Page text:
Over forty East Roman coins have been found in China over the past hundred years but many of
them have no archaeological context, so it is almost impossible to establish
when they got the Celestial Empire. Besides,
a significant part of the finds are rather crude initially or heavily worn.
Fake coin printing was also frequent on the Silk Road.
It is believed that sometimes this was not even malicious intent — Byzantine
and Iranian coins acted as stable monetary units, the position of which was
stronger because China, with all its role in international trade had been
fragmented starting from the 3rd century CE for hundred years. And
this fragmentation, in contrast, for example, with the Eastern Zhou period
(771—221 BCE), was accompanied by the constant emergence and disappearance of
kingdoms and empires, which rarely existed for more than one century
(especially in the north). Of course, in such a “political climate” the value
of foreign coins, which had a standard mass and precious metal content,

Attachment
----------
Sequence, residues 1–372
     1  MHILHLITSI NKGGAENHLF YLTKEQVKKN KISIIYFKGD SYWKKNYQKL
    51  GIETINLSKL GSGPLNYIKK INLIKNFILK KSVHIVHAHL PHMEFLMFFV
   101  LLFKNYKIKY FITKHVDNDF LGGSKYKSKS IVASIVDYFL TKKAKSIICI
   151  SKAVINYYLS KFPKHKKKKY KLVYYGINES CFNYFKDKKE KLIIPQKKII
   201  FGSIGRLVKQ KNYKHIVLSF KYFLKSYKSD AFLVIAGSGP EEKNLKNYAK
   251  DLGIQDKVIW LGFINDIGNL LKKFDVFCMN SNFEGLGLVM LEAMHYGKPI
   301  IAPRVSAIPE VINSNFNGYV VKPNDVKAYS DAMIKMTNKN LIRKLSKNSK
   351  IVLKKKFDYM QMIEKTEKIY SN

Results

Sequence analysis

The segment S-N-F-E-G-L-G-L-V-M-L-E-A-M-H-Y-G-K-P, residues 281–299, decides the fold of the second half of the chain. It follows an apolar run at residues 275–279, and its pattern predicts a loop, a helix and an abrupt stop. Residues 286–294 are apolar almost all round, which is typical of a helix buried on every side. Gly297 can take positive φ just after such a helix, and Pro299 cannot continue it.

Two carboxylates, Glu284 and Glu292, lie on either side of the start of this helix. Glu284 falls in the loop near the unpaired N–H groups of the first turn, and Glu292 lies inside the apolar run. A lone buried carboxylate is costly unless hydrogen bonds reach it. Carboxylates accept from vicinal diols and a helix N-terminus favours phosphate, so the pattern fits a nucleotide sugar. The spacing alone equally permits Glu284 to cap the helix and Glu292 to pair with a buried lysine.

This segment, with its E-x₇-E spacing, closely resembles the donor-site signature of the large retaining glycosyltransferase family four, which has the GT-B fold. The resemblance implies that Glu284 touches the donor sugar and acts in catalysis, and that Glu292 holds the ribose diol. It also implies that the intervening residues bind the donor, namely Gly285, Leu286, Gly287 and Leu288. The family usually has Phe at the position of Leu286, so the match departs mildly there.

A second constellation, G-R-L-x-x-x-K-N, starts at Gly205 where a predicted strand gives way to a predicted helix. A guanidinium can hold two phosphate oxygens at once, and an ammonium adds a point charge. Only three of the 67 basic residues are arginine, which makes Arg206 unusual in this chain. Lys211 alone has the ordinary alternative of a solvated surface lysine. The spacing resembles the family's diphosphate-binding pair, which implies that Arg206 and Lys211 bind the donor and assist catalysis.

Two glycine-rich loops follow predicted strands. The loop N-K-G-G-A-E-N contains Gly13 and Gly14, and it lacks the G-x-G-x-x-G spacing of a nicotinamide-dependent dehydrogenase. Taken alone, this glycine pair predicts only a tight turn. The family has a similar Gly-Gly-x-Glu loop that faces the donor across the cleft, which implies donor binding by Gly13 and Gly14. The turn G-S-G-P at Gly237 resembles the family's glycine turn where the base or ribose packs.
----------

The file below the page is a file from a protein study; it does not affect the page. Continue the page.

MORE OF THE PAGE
increased significantly. It is no less obvious that this prompted many to
produce solidus “analogs” in an artisanal way, and such “craftsmen” could act
on areas from Near East to the Yellow Sea.
Genuine and questionable coins of the Eastern Roman Empire are spread along
the Silk Road (modern Xinjiang Uygur and Ningxia-Hui
autonomous regions, Gansu, Shaanxi
and Henan provinces, partly also south of Inner Mongolia). For example, in the area of Xi'an city, the bright
find of Justinian solidus (the authors of the excavations, however, tend to
regard the coin as belonging to Justinian's reign) was printed in the tomb
(571 CE) of the Sogdian Kan Ye. We put this golden
coin into circulation in 2018. However, the study of Byzantine coins in China sheds light on events in the Eastern Roman Empire itself. The “conjugation” of the processes
described above is the focus of this work.
Key words: China, Eastern Roman Empire, solids, Silk
Road, Kang Ye.